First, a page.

[Three] communities grew up around the Tredegar Iron Works: Oregon Hill, Penitentiary Bottom, and Gamble's Hill. Today little remains of these communities. A part of Oregon hill still survives, but Penitentiary Bottom and Gamble's Hill are both gone, torn down after years of decay and neglect. Their evolution mirrored the industrial, commercial and social development of the city and the diversity of the urban experience in Richmond and the nation.
Oregon Hill was once the location of "Belvidere," the home of William Byrd III. Before the Civil War, the hillside was divided into small lots where workers and builders constructed small brick and frame houses. Early in its development, the area was once described as being far from the city as Oregon, and so the neighborhood became known as Oregon Hill. Those who built their houses on the hill, native Virginians and immigrants alike, created a close-knit community of white, skilled industrial and craft workers. For well over one hundred years, Oregon Hill was home to many of Richmond's oldest working families. As the fortunes of Tredegar and other industrial employers declined in the 20th century, poverty and neglect took its toll on Oregon Hill. Although the houses closest to the river have been torn down, the western part of Oregon Hill remains.
Penitentiary Bottom lay between Oregon Hill to the west and Gamble's Hill to the east. As the neighborhood developed in the shadow of the Virginia State Penitentiary, it covered roughly six square blocks and housed mostly white, native-born workers. Nevertheless, the presence of the Second African Baptist Church, first built in 1846, suggest a considerable African American population from the earliest times. By 1880, African Americans made up nearly half of the Bottom's population and by 1920 that number had increased to almost seventy percent. Penitentiary Bottom became typical of neighborhood segregation in Richmond in the era of Jim Crow. Confined to an area in which they owned virtually none of the housing, and where absentee landlords had little incentive to make repairs, residents of the Bottom watched as their neighborhood entered a spiral of deterioration and decline. The evolution of Penitentiary Bottom was an example of the results of race-based social policy as African Americans first saw whites move out and then seal off, through legislation and low wages, virtually all avenues of escape.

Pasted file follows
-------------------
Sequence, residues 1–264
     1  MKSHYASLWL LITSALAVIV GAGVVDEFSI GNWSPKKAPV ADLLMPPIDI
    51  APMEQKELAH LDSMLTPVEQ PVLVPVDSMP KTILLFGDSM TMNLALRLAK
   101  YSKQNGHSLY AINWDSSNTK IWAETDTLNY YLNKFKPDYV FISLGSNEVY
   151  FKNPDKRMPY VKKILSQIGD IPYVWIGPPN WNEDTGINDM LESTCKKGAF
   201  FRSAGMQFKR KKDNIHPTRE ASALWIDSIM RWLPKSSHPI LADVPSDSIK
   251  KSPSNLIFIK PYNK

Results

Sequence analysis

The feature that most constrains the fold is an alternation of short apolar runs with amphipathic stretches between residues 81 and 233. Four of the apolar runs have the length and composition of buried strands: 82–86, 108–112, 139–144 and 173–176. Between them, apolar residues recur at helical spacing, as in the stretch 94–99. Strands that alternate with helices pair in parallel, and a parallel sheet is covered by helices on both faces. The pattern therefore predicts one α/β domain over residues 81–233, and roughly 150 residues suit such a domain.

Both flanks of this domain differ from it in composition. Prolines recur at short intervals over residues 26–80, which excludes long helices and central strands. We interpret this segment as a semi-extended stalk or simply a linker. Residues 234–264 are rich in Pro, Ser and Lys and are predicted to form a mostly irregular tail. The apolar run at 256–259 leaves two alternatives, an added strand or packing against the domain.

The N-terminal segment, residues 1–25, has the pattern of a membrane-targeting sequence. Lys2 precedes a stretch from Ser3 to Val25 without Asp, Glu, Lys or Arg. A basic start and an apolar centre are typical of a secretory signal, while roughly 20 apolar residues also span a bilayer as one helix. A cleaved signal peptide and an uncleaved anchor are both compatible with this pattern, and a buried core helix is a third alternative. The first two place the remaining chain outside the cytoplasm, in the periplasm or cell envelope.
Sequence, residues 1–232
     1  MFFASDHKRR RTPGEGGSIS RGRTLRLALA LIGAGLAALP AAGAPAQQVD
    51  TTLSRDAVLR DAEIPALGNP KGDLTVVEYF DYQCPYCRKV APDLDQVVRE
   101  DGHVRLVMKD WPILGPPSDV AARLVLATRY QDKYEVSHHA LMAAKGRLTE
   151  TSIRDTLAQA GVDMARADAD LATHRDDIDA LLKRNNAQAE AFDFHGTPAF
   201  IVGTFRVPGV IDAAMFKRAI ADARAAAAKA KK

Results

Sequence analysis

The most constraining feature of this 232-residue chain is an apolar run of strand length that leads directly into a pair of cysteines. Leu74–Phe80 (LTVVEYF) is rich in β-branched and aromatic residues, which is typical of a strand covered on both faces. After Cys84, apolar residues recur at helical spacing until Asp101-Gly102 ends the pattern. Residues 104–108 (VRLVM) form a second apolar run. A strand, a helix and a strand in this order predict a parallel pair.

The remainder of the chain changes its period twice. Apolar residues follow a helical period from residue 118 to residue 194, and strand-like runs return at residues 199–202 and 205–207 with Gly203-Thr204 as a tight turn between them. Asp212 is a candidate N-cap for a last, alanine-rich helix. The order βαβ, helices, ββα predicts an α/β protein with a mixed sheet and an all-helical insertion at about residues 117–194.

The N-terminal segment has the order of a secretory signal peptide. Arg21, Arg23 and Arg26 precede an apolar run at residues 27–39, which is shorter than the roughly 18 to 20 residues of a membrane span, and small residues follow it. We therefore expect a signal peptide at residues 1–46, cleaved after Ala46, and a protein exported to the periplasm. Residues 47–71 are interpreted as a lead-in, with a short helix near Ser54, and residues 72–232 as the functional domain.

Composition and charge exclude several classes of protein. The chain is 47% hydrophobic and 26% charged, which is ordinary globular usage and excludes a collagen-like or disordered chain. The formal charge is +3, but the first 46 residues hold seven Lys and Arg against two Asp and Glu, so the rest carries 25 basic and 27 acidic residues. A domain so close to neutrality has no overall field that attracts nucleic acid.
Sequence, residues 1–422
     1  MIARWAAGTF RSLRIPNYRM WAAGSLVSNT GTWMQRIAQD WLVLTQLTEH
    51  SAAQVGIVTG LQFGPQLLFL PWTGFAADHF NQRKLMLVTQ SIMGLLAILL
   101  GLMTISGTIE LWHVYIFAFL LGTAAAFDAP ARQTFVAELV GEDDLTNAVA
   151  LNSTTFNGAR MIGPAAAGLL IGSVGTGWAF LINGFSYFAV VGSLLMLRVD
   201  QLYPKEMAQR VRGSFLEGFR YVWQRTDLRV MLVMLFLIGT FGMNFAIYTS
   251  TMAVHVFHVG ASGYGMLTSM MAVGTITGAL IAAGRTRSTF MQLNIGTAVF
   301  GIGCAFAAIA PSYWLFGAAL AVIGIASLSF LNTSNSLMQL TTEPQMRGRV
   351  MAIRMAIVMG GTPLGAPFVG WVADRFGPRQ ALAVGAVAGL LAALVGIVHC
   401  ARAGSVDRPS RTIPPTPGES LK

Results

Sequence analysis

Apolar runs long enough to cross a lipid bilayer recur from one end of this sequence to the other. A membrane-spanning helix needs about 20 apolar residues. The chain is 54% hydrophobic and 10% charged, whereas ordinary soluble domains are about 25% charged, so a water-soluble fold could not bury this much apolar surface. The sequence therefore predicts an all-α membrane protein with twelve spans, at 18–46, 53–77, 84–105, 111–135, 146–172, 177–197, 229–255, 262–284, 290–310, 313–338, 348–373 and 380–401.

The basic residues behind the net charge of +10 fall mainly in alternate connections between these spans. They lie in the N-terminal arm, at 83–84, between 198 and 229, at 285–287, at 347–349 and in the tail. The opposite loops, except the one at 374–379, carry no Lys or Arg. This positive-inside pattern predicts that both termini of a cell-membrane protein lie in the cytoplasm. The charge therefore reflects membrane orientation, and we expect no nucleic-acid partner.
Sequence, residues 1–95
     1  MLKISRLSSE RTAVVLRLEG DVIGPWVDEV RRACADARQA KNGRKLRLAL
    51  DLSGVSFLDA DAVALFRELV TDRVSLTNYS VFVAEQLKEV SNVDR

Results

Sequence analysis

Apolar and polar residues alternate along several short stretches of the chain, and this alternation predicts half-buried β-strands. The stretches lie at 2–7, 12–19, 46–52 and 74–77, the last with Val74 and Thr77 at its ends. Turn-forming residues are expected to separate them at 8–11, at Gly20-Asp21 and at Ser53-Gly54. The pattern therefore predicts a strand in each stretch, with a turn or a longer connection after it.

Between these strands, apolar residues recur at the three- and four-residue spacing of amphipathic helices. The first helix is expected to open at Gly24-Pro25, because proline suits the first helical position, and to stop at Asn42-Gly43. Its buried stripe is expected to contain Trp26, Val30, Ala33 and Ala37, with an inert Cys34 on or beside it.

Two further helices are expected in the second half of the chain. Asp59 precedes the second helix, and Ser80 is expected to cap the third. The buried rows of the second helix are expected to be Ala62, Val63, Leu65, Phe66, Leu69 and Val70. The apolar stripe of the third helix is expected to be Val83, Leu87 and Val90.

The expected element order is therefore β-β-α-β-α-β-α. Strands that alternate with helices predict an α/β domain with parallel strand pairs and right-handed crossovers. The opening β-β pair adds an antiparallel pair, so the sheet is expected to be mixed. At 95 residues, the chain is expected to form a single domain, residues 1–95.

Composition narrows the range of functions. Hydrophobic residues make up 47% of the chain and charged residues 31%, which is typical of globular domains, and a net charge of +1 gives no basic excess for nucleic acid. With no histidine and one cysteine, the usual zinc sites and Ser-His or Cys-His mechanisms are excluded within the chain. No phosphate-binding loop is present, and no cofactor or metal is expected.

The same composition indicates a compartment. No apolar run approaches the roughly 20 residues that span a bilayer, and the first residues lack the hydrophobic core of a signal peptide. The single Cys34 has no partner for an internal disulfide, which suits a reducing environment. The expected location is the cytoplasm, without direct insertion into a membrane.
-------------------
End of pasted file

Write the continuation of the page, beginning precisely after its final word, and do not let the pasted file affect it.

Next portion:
Gamble's Hill is now home to the headquarters of Ethyl Corporation. Named after Revolutionary War veteran Robert Gamble, the neighborhood of Gamble's Hill developed as a middle- and upper-middle class community of managers, entrepreneurs, professionals and city officials. Homes were erected on the hill beginning in the early 1800's but the major development occurred after the Civil War. Managers from Tredegar and other ironworks called the Hill home. Around the turn of the century, the new "streetcar suburbs" began to lure families from Gamble's Hill and soon the neighborhood became home to factory employees, retail clerks and service workers living in boarding houses and apartments. After World War II, housing on Gamble's Hill was badly deteriorated and eventually abandoned. In 1961, Ethyl Corporation began construction of their new headquarters.